The Sure Shot

Lieutenant Colonel Archie Hay †
52nd (New Ontario) BattalionHay

It is with the deepest regret that the Battalion chronicles the disappearance of its Colonel, Lieut. Col. Hay, on this date.

(52nd Bn. War Diary, 3 June 1916, 7)

Born on 8 November 1873 in Quebec City, Archibald Walter Hay was a militia officer with the 8th Royal Rifles and noted marksman. During the 1912 Governor General’s prize shooting match organized by the Dominion Rifle association, Hay scored twenty-one consecutive bullseyes.

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The Worn-Out

Lieutenant Colonel Billy Evans, D.S.O.
52nd (New Ontario) BattalionEvans

Marked spells of general weakness, occasionally shortness of breath, easily fatigued, spells of nervousness with trembling of whole body. Has no confidence in himself and lacks concentrating powers.

(Medical History of an Invalid, 17 Jul 1919)

William Barnard Evans was a Montreal businessman with fourteen years’ service in the 3rd Royal Victoria Rifles. He was born in Toronto on 31 October 1875. On the formation of the 60th Battalion in spring 1915, he became second-in-command to Lieutenant Colonel Gascoigne.

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The Mountain Climber

Lieutenant Colonel W. W. Foster, D.S.O., M.L.A
52nd (New Ontario) Battalion Foster

Billy Foster was a very interesting and safe companion, who always wore well no matter what the circumstances or the dangers might be. He was what is called a good mixer and always had an interesting and appropriate tale of experience, or a story, for that pause during a discussion or controversy which, if not pleasantly broken, might result in serious contention.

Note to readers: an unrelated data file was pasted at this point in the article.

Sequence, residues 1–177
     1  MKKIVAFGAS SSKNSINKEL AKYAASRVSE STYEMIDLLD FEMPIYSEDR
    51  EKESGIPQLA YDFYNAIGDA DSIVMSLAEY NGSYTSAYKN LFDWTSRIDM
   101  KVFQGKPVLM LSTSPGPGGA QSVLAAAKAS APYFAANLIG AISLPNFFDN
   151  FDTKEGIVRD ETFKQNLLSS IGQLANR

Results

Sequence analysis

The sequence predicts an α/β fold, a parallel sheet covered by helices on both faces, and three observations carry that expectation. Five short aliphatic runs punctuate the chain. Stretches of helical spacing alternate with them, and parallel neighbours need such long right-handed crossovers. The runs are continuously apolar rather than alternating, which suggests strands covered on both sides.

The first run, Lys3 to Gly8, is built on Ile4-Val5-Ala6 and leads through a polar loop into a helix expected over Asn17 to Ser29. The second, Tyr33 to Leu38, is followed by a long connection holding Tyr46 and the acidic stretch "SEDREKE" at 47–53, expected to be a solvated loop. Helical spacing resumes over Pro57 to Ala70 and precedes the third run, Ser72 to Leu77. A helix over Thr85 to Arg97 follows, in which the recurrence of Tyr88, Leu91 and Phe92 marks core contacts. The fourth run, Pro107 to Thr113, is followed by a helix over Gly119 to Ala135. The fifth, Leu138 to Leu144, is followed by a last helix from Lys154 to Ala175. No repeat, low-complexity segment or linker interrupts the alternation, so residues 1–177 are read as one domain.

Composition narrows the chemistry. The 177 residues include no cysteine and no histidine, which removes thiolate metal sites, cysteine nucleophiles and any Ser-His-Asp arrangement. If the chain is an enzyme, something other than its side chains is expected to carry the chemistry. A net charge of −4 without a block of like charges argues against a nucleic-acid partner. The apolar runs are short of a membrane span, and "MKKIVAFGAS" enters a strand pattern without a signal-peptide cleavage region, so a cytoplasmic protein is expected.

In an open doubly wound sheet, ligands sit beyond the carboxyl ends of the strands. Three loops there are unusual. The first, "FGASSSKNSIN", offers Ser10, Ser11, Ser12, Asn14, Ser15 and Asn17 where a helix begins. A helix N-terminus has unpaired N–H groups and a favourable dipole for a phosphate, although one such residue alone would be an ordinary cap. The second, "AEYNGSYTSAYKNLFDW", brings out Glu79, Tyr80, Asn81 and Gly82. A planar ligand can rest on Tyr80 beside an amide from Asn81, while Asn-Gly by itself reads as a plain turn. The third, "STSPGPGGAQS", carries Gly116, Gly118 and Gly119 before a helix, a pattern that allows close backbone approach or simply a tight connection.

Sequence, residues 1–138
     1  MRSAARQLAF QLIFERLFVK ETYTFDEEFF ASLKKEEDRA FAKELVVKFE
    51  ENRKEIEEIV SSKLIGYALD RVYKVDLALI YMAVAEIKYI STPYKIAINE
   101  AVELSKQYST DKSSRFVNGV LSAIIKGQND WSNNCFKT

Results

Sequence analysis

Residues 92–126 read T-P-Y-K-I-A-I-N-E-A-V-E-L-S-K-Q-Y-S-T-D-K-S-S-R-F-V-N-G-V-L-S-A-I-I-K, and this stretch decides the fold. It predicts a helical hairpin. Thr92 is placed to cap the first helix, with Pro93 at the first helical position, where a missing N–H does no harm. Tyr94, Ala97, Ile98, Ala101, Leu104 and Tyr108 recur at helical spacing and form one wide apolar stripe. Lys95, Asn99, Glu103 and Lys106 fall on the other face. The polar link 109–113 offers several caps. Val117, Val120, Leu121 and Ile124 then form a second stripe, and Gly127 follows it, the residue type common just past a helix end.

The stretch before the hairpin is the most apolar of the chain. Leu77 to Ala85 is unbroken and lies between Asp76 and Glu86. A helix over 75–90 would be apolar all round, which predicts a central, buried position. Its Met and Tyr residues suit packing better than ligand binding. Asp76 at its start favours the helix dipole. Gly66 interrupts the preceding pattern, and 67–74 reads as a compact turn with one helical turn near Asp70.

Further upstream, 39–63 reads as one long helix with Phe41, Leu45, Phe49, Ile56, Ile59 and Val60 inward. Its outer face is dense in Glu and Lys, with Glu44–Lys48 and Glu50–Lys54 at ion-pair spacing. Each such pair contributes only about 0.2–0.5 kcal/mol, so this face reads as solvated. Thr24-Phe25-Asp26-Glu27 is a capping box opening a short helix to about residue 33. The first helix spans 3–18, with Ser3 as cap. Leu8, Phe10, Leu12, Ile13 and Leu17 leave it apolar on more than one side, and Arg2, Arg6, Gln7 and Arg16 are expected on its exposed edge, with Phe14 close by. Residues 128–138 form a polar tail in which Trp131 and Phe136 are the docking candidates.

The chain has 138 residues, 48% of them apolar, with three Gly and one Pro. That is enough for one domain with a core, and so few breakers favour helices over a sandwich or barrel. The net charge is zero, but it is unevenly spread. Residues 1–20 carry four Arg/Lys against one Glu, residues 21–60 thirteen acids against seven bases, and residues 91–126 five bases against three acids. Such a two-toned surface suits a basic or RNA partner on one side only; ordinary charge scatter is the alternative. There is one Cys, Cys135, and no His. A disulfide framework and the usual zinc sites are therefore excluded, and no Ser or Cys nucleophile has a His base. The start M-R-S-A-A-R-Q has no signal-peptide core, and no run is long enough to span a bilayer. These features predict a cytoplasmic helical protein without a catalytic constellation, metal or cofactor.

When there are more men like him to protect and guide its Nations, the whole world will be a safer and better place for all mankind.

(A. H. MacCarthy, Alpine Journal, 1954)

William Wasbrough Foster was a mountaineer, president of the Alpine Club and among the first to climb Mount Robson and Mount Logan, Canada’s highest peak. He was born in Bristol, England on 1 October 1876 and immigrated to Canada in 1894. Mount Colonel Foster on Vancouver Island is named in his honour.

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The Undeterred

Lieutenant Colonel Donald Sutherland, D.S.O.
52nd, 71st, 74th, & 160th Battalions
Sutherland

A man that can fight, a fighter who’s fought,
A man to whom danger to self counts for naught,
A man all the way with a conduct sheet clean,
As a man and a soldier our Colonel’s beloved.
A man; Colonel Sutherland, that’s whom I mean.

(Lieut. L. Young, 71st Bn. “Our Colonel,” Bruce in Khaki, 12 Oct 1917, 2)

Born on 3 December 1879, Donald Matheson Sutherland was a Norwich County physician, militia officer in the 24th Grey Horse and member of Loyal Orange Lodge No. 999. In September 1914, he enlisted as a captain with the 1st Battalion. Wounded during the second battle of Ypres on 24 April 1915, he was invalided to Canada. After raising the 71st Battalion from Woodstock, he again embarked for England in April 1916.

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